Awhile back I was talking with a friend and comparing notes on using our George Foreman grills.   I have one and use it a lot.   And I do mean a lot.    I don’t own a proper BBQ grill anymore, and have to say that for the most part I don’t miss it.   She was telling me how easy bacon wrapped shrimp were to do on the grill.    And it sounded so good.   But then I ran across this recipe on  the Charbroil grill site.    Bacon Wrapped Jalapeno Popper Stuffed chicken breasts.  YUM.

I thought that it might just work out on my George Forman grill so I decided to make them for dinner one night.   Now, I did not chill the filling, and the jalapeno’s I used were way too mild for our taste, but on the whole, not a bad dish.

I had two big chicken breasts in the freezer so I pulled them out, let them thaw for a little while, then while they were still a little frozen cut them into cutlets, and then proceeded to cut pockets into the cutlets.   Believe me when I say these were BIG chicken breasts.   And it worked very well.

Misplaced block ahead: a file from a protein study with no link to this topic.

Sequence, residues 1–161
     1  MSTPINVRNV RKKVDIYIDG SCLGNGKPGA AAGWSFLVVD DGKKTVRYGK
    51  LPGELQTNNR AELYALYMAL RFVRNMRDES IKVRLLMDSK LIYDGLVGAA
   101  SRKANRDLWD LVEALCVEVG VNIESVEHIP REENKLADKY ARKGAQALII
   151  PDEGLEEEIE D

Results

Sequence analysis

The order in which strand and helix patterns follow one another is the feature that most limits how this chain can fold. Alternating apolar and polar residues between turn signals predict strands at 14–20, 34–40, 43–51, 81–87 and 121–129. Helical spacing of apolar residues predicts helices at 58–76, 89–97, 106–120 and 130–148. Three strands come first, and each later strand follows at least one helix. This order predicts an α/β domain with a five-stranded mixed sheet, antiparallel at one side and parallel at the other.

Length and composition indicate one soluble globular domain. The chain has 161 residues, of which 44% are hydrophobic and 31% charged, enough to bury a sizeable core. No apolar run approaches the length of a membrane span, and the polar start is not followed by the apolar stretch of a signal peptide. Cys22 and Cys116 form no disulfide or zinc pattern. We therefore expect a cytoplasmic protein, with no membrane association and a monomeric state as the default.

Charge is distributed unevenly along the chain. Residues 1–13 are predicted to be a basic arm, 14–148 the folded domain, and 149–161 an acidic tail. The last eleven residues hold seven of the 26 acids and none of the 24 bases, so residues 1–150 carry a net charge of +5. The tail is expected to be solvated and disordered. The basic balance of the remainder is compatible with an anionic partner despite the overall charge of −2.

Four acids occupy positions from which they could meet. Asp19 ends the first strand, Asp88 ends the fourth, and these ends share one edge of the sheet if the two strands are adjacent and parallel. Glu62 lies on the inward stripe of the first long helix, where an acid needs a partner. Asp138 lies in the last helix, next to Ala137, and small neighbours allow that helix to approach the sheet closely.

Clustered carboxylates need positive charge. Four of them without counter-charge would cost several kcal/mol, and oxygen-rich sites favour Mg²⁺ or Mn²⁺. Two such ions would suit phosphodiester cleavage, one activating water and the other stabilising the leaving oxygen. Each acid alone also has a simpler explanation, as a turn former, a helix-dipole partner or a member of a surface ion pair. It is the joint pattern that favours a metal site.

I had the filling made, cream cheese, chopped jalapeno’s and then decided to add some Shredded Pepper Jack to the mixture.   And if you’ve read any of my posts in the past, you know I always have frozen jalapeno’s in the freezer.  Never know when you’re going to need them.

Now, at this point I should have stuffed the chicken breasts and then put them into the fridge to firm up, but hey, it was late, I wanted to get dinner made and on the table so I just stuffed them and wrapped them in bacon.